Thinking about Ink across platforms


As part of my quest to explore what it might mean for ink to be available in the browser, I’ve been thinking a little bit about what it might mean for ink to be shareable with other platforms.

Take the Ink Serialized Format (ISF), for example. Almost all Tablet apps use this format to save or copy/paste ink. Should OS X or Linux be able to read and write this format? Others have wondered the same thing. Julien Couvreur’s, for instance, does a good job of looking at different ink interoperability formats here.

I’m not so sure ISF is the way to go, but as part of a mental exercise and in order to really learn what ISF is all about I started writing some test apps. And before I knew it I had an itch. I wanted to see if I could author an ISF file on a Tablet (by drawing a series of strokes on a Tablet app and saving them to a file) and then read that exact same file on a Mac.

Now there is no provided way to do this in the Tablet PC SDK and the ISF format is not public nor a standard, but I just wanted to see what I didn’t know.

So for the last couple evenings I’ve been poking at the ISF format and today for the first time, Bob and I were able to actually read an ISF stream on a Mac. Here’s the original ink stroke drawn on a Tablet:


and here’s the same stroke displayed on a Mac in a test app we wrote:


Yeah, doesn’t look like much, but that’s what first attempts are often like.

Now I’m not suggesting that I’ve got code that can read and write ISF on multiple platforms. I only parsed through enough of the ink format to understand some basics and write a couple routines to read and render some ink on the PC and a Mac. That’s all. It’s not complete, probably will not be, and you should view it as a learning exercise I took. I’m probably not going to flesh out the code nor publish it. ISF is not a supported format, after all.

A couple things to note about what I did do. Notice that I only rendered the ink using simple polylines. There’s no fancy Bezier curves or anti-aliasing. These are just bare bones line segments in order to see what if anything would appear. The ink looks lots better on the Tablet. Maybe using InkWell could help with this, although I’m not so sure. What about transparency, color, and other ink properties? Would InkWell provide stroke rendering that’s similar enough to that Tableteers are accustomed too?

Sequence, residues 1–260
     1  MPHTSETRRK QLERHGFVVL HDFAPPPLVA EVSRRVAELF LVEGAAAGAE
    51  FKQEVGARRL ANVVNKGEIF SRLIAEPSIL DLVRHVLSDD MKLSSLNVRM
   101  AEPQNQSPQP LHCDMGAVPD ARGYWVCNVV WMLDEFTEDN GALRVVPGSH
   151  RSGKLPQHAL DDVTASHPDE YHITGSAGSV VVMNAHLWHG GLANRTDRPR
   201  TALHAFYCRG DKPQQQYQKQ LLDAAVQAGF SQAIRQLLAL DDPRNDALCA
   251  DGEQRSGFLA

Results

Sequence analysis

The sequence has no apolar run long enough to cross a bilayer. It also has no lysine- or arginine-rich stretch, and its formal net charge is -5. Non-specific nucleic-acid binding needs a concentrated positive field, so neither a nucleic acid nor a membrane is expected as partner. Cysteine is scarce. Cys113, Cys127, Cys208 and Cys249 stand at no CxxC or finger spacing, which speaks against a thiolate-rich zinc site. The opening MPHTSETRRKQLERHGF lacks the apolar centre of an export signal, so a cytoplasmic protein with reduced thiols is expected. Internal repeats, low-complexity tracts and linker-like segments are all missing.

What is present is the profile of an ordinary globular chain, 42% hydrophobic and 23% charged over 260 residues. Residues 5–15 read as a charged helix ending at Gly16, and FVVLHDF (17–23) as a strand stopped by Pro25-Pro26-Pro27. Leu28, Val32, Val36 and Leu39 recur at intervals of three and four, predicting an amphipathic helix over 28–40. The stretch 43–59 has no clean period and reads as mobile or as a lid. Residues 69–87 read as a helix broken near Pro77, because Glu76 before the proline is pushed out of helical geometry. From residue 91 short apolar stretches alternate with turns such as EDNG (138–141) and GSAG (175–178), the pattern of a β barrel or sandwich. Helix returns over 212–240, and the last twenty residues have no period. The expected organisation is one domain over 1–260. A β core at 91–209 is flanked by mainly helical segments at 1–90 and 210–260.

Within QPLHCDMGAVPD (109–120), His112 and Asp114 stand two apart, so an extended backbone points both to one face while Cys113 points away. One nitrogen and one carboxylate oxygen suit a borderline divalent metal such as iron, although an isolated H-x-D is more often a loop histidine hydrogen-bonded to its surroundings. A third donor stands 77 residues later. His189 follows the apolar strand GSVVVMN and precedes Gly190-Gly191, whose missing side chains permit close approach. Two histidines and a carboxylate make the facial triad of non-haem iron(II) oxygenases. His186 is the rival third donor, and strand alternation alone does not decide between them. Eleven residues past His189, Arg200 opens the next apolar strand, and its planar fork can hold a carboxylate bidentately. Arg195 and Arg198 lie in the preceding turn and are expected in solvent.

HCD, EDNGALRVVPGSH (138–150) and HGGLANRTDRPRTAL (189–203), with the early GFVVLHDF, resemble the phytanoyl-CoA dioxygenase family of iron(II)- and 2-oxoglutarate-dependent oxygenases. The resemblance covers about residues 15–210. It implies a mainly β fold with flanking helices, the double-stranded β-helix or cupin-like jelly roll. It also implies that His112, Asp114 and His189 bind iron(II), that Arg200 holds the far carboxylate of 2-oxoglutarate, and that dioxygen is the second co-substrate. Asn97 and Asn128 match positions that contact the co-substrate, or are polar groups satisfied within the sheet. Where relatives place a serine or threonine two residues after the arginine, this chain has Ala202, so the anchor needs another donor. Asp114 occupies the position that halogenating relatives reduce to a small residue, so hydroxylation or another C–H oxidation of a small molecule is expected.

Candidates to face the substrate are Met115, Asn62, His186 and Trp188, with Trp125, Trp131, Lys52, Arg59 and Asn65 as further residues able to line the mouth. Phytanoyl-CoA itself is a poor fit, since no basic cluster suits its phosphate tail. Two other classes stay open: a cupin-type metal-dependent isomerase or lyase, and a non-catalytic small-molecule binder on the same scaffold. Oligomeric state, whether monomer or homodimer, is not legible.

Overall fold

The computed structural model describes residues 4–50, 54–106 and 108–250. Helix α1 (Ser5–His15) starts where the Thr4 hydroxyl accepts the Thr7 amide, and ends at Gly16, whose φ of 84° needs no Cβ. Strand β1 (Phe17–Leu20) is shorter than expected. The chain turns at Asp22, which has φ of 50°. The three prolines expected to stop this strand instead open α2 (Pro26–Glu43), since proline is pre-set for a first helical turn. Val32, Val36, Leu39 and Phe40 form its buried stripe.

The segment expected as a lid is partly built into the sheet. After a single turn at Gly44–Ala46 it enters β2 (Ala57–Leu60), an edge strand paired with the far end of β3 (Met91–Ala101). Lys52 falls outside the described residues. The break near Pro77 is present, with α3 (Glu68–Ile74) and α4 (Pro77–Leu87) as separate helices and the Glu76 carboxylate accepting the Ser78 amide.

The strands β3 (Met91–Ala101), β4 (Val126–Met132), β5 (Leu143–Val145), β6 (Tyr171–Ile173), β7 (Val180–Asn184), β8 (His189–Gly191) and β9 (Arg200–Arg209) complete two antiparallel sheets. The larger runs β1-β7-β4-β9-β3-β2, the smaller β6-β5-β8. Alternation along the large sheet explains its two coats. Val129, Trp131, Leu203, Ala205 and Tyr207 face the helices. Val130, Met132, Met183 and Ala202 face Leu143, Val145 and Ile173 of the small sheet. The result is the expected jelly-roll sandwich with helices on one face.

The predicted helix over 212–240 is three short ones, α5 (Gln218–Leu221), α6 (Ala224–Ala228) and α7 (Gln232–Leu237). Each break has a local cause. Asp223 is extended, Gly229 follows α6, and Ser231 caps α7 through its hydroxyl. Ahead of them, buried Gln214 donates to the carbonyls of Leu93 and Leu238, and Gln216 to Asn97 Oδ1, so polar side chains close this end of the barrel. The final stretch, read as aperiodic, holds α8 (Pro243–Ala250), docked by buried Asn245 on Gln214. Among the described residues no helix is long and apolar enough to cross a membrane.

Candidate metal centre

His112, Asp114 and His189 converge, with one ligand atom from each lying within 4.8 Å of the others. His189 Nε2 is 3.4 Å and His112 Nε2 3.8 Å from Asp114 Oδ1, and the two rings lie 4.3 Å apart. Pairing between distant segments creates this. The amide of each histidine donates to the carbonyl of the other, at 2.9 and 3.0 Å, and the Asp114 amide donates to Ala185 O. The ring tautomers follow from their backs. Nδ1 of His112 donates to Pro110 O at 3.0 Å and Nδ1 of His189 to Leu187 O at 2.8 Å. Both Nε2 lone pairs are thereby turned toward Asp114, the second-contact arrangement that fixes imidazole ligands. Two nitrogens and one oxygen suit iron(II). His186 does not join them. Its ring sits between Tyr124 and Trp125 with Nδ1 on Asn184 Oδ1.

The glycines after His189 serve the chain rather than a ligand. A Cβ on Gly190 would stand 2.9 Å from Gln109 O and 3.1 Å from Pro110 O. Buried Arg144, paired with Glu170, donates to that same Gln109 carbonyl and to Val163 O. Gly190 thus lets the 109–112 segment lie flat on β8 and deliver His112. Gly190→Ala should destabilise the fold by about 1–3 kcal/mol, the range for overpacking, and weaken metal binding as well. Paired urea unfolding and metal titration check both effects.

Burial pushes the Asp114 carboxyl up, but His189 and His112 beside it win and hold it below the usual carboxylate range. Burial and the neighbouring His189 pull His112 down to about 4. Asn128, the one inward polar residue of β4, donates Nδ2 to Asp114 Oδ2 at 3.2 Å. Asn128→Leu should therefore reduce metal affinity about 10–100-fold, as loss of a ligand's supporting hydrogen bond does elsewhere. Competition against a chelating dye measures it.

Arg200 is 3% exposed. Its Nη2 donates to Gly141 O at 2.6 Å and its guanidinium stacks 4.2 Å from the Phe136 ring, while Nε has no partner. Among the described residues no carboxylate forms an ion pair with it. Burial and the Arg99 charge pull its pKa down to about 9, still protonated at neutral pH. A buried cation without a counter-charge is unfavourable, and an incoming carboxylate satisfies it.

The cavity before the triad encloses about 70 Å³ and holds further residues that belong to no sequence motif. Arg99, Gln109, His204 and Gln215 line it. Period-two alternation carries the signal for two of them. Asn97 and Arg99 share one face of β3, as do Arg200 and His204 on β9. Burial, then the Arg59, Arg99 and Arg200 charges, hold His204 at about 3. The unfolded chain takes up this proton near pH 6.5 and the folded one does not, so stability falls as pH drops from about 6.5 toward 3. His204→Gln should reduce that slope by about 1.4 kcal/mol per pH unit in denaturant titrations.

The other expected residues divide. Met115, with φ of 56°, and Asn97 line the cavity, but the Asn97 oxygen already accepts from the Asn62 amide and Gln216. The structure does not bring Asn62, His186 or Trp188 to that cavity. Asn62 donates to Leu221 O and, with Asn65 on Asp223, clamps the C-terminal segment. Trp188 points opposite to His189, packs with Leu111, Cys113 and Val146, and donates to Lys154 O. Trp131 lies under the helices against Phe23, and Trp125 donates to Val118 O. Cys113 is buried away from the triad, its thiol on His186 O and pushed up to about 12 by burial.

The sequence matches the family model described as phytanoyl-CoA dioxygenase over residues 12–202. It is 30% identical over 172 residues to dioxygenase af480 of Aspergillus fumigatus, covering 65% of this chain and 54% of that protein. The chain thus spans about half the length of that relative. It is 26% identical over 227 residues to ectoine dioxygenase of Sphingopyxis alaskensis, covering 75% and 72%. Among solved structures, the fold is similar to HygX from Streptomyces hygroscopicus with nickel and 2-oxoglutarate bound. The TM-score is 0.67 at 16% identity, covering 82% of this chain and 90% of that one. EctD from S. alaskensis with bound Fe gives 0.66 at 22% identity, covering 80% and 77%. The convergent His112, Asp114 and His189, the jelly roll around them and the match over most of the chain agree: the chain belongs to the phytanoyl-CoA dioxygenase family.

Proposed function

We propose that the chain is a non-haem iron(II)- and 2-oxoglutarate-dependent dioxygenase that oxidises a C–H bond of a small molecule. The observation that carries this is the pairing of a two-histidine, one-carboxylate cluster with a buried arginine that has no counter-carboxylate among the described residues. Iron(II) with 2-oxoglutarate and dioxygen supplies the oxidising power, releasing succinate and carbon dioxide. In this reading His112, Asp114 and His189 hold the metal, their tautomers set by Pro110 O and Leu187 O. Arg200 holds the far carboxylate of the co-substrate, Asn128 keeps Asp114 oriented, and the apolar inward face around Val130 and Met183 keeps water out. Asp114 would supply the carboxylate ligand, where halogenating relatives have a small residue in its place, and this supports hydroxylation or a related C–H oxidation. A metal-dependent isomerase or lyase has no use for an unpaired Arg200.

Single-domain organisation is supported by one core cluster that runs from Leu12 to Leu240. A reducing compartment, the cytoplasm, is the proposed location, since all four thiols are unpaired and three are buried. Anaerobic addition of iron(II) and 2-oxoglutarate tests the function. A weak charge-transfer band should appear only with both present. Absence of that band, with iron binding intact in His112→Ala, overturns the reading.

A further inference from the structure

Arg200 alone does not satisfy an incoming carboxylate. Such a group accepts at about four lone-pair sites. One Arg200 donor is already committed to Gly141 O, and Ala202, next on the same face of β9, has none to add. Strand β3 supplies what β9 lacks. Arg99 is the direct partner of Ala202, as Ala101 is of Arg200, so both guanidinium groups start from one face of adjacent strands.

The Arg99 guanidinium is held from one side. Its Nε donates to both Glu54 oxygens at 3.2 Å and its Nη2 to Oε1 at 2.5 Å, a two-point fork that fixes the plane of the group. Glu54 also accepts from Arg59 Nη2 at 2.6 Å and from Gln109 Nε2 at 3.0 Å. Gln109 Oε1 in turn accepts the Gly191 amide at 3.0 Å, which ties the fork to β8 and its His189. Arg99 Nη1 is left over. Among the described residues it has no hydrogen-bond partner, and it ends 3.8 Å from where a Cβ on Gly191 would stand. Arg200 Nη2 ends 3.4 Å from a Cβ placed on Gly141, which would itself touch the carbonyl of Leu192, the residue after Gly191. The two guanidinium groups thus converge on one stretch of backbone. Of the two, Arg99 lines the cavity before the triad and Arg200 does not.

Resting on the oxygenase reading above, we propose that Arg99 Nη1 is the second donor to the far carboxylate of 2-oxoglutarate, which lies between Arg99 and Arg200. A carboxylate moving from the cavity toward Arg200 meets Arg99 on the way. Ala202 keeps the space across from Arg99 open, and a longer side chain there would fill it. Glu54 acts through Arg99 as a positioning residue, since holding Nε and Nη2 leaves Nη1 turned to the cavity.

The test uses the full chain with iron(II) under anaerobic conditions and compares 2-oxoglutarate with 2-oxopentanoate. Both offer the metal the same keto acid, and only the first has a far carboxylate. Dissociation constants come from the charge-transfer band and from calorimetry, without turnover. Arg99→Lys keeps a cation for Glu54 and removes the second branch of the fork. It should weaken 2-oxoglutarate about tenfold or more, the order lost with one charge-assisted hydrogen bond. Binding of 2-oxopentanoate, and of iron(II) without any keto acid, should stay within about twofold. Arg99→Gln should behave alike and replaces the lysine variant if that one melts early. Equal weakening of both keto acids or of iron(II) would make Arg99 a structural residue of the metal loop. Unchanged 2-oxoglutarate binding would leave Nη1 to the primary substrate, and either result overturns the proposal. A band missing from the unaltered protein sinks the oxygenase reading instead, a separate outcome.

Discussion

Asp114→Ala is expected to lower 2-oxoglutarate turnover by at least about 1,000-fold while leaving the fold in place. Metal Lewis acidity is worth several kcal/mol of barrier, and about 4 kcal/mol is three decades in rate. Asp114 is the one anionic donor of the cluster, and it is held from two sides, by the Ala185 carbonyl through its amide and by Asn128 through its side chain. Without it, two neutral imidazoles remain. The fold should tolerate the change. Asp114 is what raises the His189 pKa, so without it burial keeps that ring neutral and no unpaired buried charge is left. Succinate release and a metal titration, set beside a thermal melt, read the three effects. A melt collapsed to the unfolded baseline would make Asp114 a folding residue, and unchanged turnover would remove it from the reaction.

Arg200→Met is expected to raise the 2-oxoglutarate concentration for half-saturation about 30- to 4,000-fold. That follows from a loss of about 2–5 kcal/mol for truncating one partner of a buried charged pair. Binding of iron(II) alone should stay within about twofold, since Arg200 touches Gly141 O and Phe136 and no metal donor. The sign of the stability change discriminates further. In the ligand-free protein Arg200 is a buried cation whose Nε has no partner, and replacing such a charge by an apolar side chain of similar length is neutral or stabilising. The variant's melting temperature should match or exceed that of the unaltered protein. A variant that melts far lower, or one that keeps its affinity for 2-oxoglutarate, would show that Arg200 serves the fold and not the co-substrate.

Anyway, it was an interesting diversion. Now I can get back to sleeping at night πŸ˜‰


  1. I wondered when someone would figure out how to do something and see it on both machines. If you decide to flesh out a program, I think many teachers would find it useful for their students, some of whom have Macs and others work with Tablet PC platforms. Keep up the good work.

  2. I’ve asked Microsoft a couple of times to open the format but of course it has fallen on deaf ears.

    The other thing you could do is create your own “bridge” format and enumerate the strokes yourself and import/export ISF on Windows using the Microsoft.Ink.dll. It wouldn’t nearly be as fast but that’s life. Just don’t make it XML-based! πŸ™‚

  3. SVG is OK, but I’ve found that relying on SVG viewers for rendering doesn’t provide the best “ink” experience. One big issue is with selection for copy/paste. Short of writing a custom SVG viewer that allows people to select words in an SVG document, I see SVG as an option for rendering view-only docs.

    Flash has a similar issue, although one advantage of is that Flash viewers are quite common.

  4. I am a regular user, and here are some of my observations so far on using Xp and OS X. I use Office 2003 on my Tablet. Inked presentations done i PowerPoint look just fine on my iMac in Office X. On the mac I can scale and change the colour on the ink etc. using fill and line tools in powerpoint.